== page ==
Friday, September 5, 2014
The Michigan-Notre Dame Football Rivalry Ends Tomorrow: Go Blue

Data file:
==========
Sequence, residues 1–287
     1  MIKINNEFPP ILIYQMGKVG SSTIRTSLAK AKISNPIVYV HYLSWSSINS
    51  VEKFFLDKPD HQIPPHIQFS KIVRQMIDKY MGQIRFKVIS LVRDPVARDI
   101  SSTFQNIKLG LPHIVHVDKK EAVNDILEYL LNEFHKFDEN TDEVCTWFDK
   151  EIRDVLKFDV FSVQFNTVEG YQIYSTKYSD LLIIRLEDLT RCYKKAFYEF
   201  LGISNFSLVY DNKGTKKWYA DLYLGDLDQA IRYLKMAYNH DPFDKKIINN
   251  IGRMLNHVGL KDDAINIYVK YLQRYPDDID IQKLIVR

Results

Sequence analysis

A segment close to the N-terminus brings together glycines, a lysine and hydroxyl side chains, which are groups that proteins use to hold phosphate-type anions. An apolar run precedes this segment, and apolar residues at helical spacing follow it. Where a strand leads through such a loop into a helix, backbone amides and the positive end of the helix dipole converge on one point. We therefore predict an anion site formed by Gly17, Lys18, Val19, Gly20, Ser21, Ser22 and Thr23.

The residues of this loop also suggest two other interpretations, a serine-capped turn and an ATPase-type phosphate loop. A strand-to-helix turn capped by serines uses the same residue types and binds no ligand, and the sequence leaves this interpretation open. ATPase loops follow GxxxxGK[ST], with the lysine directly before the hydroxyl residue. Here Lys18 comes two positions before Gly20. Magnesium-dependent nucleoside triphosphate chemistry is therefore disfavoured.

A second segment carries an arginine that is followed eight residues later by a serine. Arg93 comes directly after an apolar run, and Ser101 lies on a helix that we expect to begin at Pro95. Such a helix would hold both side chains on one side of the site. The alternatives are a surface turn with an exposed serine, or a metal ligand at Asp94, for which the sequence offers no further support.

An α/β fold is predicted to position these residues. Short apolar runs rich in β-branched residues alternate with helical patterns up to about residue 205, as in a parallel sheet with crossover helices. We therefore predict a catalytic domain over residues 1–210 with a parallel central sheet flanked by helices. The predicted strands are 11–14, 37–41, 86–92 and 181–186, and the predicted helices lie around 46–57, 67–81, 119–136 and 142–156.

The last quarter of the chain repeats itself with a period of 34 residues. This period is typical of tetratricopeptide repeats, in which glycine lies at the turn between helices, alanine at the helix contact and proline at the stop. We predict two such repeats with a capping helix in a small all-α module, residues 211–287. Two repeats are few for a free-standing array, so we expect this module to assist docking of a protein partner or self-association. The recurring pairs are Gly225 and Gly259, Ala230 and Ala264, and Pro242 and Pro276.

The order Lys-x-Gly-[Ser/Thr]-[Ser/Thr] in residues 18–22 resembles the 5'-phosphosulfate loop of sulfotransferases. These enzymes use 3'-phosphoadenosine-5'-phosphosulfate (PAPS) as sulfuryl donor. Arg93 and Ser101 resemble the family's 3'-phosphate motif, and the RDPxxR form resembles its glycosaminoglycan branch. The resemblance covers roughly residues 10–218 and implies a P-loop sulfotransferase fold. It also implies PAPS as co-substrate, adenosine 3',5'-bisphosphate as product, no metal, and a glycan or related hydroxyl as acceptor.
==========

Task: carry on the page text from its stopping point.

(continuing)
A great rivalry between two comparable teams ends tomorrow. The University of Michigan and Notre Dame combine academic excellence, athletic success, and tradition as well as any American university. They have a nationwide following, illustrated by Notre Dame’s subway alumni. Michigan and Notre Dame have been playing football since 1887. Michigan leads the series 24-16-1, having won 3 of the past 4. The teams are 9-9-1 in South Bend. Ann Arbor is 130 miles from South Bend, but the two most successful college football teams often don’t know how to get from one to the other. Michigan-Ohio State is often considered the greatest college rivalry. It’s bitter, no-holds-bar ferocity, but the schools and teams have great respect for each other. Michigan-Michigan State is a great rivalry with Little Brother achieving preeminence in recent years. Michigan-Notre Dame is different. Too much hatred exists between the programs, going back a century when Michigan’s great coach Fielding Yost thought Notre Dame was cheating (7 year seniors). He vowed to never play Notre Dame again, and barred the Fighting Irish from membership in the predecessor to the Big Ten Conference. The two football programs went their own way, racking up victories and national titles, oblivious to each other – 130 miles apart. Each school claims 11 national titles, but Notre Dame has more in the post World War II era. Neither would have won as many titles or games if they had to play each other every year. Notre Dame has 7 Heisman winners and Michigan 3. Coaches with the names of Fiedling Yost, Fritz Crisler, Bo Schembecher, Knute Rockne, Frank Leahy, Ara Parseghian, and Lou Holtz graced the schools. The Victors and the Notre Dame Fight Song are two of the three greatest college fight songs. They met a few times during World War II, but then, but that was it for 3½ decades. Don Canham, Michigan’s Athletic Director, and Moose Krause, Notre Dame’s AD, were good friends and agreed in 1968 to resume the series. A contract was signed in 1969. Scheduling conflicts precluded playing every year and delayed resumption of the games until 1978. The Michigan-Notre Dame game became an instant rivalry. It was a natural. The game often served as a bellwether for the season. It was the most watched regular season college football game last year. The record since the resumption is 15-14-1, with Michigan in the lead. Regardless of the record, the games have usually been close, often decided in the last two minutes, and exciting. Both teams have struggled in the past decade, but even Rick Rodriguez’s Wolverines won 2 out of 3 over Notre Dame, as have Brady Hoke’s. The Michigan-Notre Dame contract had a three game cancellation clause in it. Notre Dame’s AD, Jack Swahbrick, delivered a letter to Michigan’s AD, David Brandon, before the September 25, 2012 kickoff at Notre Dame Stadium. AD Brandon opened it after the game, and saw that Notre dame was giving its three game notice to cancel the series. The last game therefore will be played tomorrow in the shadow of Touchdown Jesus. The notice was legal, but tacky. One assumes that neither Father Hesburgh nor Father Joyce would have sanctioned such a notice. Notre Dame further poisoned the well on Thursday. It announced a two game home and home with Ohio State in 2022 and 2023. One unknown is that five Notre Dame players, including starters, are currently on suspension. Academic improprieties are in issue. I am cynical enough to not be surprised to see reinstatements before Saturday’s kickoff. Notre Dame also reduced the 116 year rivalry with Michigan State, but retained the annual game with Purdue. The Spartans have won 10 of the past 17 games. One has the impression, as Michigan’s Coach Brady Hoke said, Notre Dame is chickening out. The Big House loudspeakers at the end of Michigan’s 41-30 win last year blared out The Chicken Dance. The regular season rivalry is over. Perhaps in a playoff game, but it won’t be the same. The Michigan Wolverines and Notre Dame Fighting Irish will go back to much of the 20th Century. They will ignore each other. Go blue, and I usually would not out this phrase in writing: POTFI!